Medical respite is defined by the National Health Care for the Homeless Council as " short term residential care that allows homeless individuals the opportunity to rest in a safe environment while accessing medical support and other supportive services."


The team at Amahoro House creates an intentional nurturing and safe environment to aid in guests recovery.  For Sally this meant plenty of mint ice cream, long naps and an afternoon spent with volunteer Pam online looking for her father whom she hadn't seen in over 50 years. 






Rwanda: Beating Pain Today

Tomorrow, February 4th 2015 is World Cancer Day.

Of the mottos this year, treatment for all, and focusing upon quality of life, are major themes.  


Please remember, as our global community of cancer researchers and clinicians strive to develop novel therapies and even cure cancer tomorrow, we can treat and beat cancer pain today!


Using safe and effective opioid analgesics, such as oral morphine, which costs on average 15 cents a day in an average patient, we can control pain in nearly 100% of people with cancer and HIV.   Yet every year, at least 2.4million people worldwide, living with end stage cancer, die in pain needlessly.


The good news is ~ It doesn't have to be that way!  It's well known that when we take care of cancer pain and provide comprehensive palliative care, as our nurse Peace is doing here in Kigali, peoples' lives are dramatically improved and they begin to look forward to living, rather than focus on dying.  What is not widely appreciated, is that when we take care of pain though palliative care services, people live longer!  When you stop and think about it, that actually makes a lot of sense.  No one wants to live with agonizing pain.  But when the pain is controlled, regardless of the status of the cancer, people once again make meaning, and focus on living!


Pain Relief is a Fundamental Human Right that offers the prospect of dignity and hope and an opportunity for peace, even when cure is not possible!  Please join us today!






Dina's Song Revisited Four Years Later...

Back in 2010, I went to see this lovely woman seated here, Dina.  At the time she was living with her brother in Kigali, close to a local hospital.  She was poor, from a rural village, and dying with Gastric cancer.  Like like so many people, she presented for care at a late stage in her illness, and once it was realized there was no hope for cure... She was sent home with only Acetaminophen.   At that time, there was no formal home care program in Kigali, except for the small fledgling effort of my friend "nurse Grace."  It was with Grace, and Dr. Dan that we went to see Dina.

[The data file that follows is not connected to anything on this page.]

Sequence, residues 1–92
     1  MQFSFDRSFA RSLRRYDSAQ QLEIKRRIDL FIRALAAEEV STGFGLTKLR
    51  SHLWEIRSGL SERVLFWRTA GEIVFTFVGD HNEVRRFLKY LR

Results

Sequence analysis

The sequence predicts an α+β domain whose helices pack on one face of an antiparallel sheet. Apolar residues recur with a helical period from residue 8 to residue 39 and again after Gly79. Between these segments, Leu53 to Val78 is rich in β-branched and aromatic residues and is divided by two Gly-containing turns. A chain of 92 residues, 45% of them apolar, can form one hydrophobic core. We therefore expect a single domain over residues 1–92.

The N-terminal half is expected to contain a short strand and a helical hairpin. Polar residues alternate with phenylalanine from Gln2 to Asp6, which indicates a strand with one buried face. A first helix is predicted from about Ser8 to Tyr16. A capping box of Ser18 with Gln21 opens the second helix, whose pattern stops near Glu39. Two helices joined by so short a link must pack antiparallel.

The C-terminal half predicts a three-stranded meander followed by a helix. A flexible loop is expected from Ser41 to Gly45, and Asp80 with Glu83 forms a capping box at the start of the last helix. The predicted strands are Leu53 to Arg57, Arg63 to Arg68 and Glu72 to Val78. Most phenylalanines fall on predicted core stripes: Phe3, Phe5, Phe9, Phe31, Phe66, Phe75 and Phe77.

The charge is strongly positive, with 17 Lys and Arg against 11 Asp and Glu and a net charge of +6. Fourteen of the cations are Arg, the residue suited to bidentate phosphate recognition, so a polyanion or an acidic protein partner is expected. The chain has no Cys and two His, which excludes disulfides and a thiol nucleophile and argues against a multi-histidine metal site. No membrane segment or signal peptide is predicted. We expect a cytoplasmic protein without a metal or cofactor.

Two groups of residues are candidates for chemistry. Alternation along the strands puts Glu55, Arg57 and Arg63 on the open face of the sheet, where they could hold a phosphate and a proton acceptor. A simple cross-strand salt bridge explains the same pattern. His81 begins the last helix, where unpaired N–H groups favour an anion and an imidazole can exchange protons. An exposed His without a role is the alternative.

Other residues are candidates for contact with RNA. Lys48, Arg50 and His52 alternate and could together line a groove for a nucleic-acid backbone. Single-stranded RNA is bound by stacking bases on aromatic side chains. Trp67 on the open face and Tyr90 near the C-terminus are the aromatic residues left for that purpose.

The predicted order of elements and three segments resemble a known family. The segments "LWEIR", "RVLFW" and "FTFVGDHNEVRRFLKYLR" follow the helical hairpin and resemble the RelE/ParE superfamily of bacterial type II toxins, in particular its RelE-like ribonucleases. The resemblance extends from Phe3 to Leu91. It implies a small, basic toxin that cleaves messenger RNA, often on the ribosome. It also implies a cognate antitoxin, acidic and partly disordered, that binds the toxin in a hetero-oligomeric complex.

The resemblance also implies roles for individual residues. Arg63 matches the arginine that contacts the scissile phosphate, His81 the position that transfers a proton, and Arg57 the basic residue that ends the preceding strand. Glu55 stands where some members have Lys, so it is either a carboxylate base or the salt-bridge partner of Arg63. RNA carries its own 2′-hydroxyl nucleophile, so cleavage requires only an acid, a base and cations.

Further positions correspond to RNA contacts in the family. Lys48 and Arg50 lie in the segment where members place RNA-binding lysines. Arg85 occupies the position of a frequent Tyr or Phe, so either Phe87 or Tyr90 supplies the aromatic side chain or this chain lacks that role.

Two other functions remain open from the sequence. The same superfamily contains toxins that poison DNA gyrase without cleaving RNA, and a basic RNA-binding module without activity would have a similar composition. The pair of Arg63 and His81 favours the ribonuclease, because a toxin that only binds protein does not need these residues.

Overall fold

We found Dina lying listless in the back room, moaning softly.  Well cared for and loved by her brother, but profoundly suffering.  Her beautiful sprit imprisoned by pain.  

We asked Dina what she was hoping for...And I'll never forget her words...She said in Kinyarwanda, "If this medicine can help just a little, maybe I can sit up and sing to God, and maybe...maybe I can return to my village to see my children one last time."


We gave her only a teaspoon (about 5mg) of a morphine we had managed to purchase at a local hospital where we miraculously obtained the only tablets available - just a small number of 10mg tablets. Of course we purchased as many as we could, then crushed and dissolved them in a water solution, as we had heard her swallow was worsening.    


Well, 20 minutes after the morphine, Dina's countenance lifted, she smiled a little, and then whispered softly in Grace's ear.  At that point, slowly and deliberately Dina sat up and sang, as if her spirit had been somehow liberated.  

"Imana Iman' irabize ~  Imana Iman' irabize" God will provide (what man can not)"



The bitter irony is that we human beings do know how to effectively and safely control cancer pain.  Yet as Ronald Piana so poignantly articulates in his NY Times article cited here,  


"Untreated cancer pain is a human disaster not unlike famine;

its victims are starving for relief." 


At Hospice WIthout Borders, We're doing our best to change that, and as you can read in our prior posts, after 4 years of sustained effort, the Rwandan Ministry of health is now manufacturing morphine solution for people like Dina, whose spirits are starving for relief.  Please read Mr. Piana's inspiring article, and join us in our effort insure that every human being has equal access to pain control.  No one should be "Dying Without Morphine!"